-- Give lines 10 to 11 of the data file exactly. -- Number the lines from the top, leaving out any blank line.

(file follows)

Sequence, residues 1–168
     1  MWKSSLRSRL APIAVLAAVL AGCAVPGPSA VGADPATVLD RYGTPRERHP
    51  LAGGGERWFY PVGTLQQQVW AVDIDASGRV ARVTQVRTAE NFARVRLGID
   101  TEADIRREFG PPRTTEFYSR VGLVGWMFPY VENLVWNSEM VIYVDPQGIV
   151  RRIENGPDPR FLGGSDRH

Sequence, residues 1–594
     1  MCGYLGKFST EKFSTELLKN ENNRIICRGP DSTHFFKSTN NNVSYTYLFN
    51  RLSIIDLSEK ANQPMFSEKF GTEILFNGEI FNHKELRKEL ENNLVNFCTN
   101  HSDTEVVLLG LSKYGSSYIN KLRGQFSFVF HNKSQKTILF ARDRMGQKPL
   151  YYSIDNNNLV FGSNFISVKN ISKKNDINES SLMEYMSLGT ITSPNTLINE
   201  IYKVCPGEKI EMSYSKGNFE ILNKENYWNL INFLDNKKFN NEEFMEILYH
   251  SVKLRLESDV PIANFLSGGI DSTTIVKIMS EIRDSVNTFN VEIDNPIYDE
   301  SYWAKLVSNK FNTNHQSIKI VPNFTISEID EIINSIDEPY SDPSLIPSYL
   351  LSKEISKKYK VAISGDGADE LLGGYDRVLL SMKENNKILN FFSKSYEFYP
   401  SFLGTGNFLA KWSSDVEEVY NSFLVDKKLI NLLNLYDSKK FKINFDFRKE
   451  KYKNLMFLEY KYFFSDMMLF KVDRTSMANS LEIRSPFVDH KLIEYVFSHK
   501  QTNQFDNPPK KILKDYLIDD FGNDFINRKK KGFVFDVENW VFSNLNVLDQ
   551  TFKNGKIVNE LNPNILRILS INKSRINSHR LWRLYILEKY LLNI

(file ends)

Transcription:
   151  YYSIDNNNLV FGSNFISVKN ISKKNDINES SLMEYMSLGT ITSPNTLINE
   201  IYKVCPGEKI EMSYSKGNFE ILNKENYWNL INFLDNKKFN NEEFMEILYH